Henson Come Over to my House
Screen

Henson, Dr. Seuss puppeteer new series

The prodcos are inviting kids to Come Over to My House in a new puppet-led docuseries.
February 2, 2021

The Jim Henson Company is cooking up a new Dr. Seuss adaptation that could not only serve as a remedy to the isolation children are experiencing during the pandemic, but also help them re-engage socially long after lockdown. In early development, Come Over to My House is a live-action unscripted series for five- to eight-year-olds based on Theodor (Dr. Seuss) Geisel’s 1966 children’s picture book of the same name.

The book tells the story of an American boy who travels around the world and is introduced to the homes and customs of kids in different countries. According to Henson’s president of television, Halle Stanford, the bridge docuseries will re-cast the lead as a traveling puppet (tentatively named Katie) and be filmed documentary-style with real kids in their real homes.

“We hope to capture the joy of an unfettered, unstructured day of play between a kid and a puppet,” says Stanford.

The project idea percolated at Kidscreen Summit 2020 when Stanford and executive producer Michael Lewis (Splash & Bubbles) met Dr. Seuss Enterprises president Susan Brandt. Having previously collaborated on Nickelodeon’s classic ’90s live-action puppet series Wubbulous World of Dr. Seuss, Henson wanted to reimagine another book together—but one that didn’t feature Seuss’s familiar whimsical characters.

“These aren’t the classic Cat in the Hat fantasy characters,” she says.

To help bring Come Over to My House to life, Stanford tapped emerging documentary filmmaker Tiffanie Hsu to direct.

“Because we’ll be using real kids and loose scripts, and we won’t be shooting on sets, I went into the doc world to find a creator,” she says.

Though an estimated delivery date has not been set, Stanford plans to pitch the series in early spring. Despite the fact that unscripted content tends not to travel as well as animation, which is easier to dub, she’s confident broadcasters will be interested in the stories and drawn to the production’s potential speed to market.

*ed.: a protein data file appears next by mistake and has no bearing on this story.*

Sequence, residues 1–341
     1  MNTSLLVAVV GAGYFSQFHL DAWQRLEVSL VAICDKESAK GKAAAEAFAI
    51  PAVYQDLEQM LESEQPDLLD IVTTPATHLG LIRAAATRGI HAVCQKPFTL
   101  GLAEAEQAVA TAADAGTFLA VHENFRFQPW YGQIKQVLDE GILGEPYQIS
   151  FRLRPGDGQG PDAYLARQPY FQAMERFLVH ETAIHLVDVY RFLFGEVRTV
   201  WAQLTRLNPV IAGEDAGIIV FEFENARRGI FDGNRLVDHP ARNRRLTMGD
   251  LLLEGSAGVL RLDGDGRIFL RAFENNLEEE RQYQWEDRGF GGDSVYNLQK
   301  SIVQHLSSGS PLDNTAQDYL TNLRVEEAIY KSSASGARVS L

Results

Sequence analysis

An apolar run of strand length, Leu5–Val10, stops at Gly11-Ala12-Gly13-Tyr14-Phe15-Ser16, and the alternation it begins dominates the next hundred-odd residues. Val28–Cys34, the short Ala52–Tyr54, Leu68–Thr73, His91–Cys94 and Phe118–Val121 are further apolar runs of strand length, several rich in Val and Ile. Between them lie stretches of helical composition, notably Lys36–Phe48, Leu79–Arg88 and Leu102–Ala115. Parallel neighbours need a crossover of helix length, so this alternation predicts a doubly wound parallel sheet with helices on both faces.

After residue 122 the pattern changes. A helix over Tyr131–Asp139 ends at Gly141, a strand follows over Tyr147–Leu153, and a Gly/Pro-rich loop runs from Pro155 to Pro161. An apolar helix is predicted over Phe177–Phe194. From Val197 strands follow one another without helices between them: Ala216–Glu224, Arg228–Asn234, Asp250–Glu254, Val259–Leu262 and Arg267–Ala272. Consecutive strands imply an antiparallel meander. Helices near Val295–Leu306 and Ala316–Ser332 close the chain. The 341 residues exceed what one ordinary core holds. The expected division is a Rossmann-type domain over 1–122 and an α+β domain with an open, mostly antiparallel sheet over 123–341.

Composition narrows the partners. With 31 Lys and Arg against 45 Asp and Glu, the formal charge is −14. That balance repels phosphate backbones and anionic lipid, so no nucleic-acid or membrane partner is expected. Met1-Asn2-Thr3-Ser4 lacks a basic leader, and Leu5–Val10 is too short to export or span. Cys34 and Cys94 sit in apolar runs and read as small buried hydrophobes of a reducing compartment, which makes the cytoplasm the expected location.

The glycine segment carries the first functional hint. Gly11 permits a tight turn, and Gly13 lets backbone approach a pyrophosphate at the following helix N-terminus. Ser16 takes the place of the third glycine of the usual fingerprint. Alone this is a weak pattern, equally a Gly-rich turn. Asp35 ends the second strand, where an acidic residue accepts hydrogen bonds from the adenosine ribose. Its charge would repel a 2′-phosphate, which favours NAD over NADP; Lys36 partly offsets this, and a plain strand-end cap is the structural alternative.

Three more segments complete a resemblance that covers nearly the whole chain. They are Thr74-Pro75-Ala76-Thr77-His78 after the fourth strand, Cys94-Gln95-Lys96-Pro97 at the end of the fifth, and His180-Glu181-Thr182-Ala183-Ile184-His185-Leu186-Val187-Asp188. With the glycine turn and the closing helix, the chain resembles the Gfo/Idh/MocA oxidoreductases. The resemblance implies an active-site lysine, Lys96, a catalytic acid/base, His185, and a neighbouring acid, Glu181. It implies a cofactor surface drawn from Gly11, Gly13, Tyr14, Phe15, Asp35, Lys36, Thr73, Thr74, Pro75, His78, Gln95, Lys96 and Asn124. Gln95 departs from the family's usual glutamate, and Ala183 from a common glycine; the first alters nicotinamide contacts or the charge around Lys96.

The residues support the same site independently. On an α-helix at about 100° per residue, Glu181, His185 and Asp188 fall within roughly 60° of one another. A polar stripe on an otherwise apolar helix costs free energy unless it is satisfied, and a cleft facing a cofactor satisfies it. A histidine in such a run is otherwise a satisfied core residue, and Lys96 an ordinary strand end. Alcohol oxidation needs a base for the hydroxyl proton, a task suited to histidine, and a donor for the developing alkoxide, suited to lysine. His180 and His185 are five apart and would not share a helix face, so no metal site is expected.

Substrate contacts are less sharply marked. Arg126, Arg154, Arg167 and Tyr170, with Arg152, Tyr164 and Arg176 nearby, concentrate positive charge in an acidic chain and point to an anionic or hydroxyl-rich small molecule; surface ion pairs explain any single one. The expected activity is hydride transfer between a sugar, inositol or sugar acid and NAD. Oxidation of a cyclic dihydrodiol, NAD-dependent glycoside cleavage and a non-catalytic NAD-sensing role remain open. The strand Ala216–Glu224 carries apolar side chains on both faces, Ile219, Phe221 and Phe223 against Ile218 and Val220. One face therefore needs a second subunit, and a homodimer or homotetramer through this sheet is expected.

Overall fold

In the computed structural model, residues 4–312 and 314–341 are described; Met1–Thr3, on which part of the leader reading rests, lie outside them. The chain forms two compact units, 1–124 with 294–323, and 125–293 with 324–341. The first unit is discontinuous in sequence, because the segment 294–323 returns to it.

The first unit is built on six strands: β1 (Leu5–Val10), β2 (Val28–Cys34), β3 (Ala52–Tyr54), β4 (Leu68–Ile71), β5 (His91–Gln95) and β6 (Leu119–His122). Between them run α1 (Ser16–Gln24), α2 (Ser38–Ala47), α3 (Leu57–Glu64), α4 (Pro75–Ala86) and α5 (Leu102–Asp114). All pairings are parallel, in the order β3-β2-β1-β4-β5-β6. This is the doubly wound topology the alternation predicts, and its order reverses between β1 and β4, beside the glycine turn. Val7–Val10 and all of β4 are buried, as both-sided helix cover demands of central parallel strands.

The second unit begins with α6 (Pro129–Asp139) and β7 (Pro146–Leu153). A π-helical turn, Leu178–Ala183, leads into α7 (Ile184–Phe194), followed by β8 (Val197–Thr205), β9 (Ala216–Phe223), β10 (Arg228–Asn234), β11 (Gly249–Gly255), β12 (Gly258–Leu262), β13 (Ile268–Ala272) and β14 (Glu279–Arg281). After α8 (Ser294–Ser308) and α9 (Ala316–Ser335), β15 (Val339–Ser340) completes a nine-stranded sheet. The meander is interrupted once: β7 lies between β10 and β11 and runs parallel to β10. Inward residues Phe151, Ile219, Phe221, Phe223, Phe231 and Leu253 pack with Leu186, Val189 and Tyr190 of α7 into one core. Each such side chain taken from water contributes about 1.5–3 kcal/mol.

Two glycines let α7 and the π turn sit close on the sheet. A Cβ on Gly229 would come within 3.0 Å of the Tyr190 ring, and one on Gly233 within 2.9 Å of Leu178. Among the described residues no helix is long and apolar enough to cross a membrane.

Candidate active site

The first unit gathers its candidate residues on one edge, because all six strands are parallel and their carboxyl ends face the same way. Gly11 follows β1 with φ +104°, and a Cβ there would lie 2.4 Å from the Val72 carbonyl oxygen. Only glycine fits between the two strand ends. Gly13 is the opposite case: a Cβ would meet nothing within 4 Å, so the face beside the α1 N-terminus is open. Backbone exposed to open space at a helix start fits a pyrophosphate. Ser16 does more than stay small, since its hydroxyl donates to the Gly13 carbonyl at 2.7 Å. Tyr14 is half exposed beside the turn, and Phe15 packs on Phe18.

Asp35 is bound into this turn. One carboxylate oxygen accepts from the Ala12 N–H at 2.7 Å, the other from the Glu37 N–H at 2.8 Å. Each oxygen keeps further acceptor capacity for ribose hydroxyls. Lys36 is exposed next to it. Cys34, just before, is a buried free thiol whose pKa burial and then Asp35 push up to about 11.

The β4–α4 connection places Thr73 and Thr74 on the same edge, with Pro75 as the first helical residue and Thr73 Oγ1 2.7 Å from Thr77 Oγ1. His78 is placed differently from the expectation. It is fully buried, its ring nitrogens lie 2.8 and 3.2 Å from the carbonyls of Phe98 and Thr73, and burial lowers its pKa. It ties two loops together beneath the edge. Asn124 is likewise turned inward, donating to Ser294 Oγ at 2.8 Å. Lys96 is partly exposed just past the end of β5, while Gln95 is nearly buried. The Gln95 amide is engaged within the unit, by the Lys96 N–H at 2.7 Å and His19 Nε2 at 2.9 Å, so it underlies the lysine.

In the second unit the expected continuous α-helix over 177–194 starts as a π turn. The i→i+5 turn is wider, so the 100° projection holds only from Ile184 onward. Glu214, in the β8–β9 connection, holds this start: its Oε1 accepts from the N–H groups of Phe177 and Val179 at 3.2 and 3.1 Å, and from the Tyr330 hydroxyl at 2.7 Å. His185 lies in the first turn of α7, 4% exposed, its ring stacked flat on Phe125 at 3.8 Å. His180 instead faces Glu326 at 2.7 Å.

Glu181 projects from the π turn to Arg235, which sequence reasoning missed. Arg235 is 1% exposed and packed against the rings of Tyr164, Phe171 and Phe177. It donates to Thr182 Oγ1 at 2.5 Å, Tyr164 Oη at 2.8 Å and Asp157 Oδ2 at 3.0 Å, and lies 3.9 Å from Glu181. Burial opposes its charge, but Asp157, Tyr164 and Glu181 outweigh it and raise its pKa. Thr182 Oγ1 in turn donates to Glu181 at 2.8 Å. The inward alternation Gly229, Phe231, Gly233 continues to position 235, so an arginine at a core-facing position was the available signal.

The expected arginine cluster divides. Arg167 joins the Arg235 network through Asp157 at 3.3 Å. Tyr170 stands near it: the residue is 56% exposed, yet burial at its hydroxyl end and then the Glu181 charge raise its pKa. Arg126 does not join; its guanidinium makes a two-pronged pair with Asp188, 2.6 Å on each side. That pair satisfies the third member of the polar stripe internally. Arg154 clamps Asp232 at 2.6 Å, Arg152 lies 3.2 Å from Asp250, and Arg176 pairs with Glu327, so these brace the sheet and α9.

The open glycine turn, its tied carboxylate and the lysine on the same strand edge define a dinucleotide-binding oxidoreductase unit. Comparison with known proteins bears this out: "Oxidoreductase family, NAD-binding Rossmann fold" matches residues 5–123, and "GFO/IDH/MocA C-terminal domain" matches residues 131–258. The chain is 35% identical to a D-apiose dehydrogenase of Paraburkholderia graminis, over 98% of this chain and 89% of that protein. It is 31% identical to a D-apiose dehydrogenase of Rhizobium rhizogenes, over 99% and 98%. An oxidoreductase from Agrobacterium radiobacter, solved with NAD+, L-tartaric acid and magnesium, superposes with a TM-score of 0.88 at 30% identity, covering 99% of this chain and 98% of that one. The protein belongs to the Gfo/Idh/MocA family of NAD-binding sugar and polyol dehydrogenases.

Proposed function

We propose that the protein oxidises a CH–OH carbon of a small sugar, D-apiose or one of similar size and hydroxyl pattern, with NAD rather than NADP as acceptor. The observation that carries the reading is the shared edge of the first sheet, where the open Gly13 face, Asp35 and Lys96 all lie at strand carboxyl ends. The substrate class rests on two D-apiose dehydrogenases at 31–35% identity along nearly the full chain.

“We’re hoping for 20 half hours, and if we set it up with the right partners, the show will come out at a time when kids and families across the globe will need to re-embrace connection as we start to come out of the pandemic,” Stanford says.

The series will also have a small crew, so Stanford says production could begin as early as this summer and deliver quickly to networks that need to put new live-action content into their lineups.

She says the biggest challenge will be figuring out where the show can shoot, and how it can be done safely if filming begins this year.

“It will be do-able, but we need to unpack that puzzle ahead of time in pre-production,” says Stanford.

About The Author
Jeremy is the Features Editor of Kidscreen specializing in the content production, broadcasting and distribution aspects of the global children's entertainment industry. Contact Jeremy at jdickson@brunico.com.

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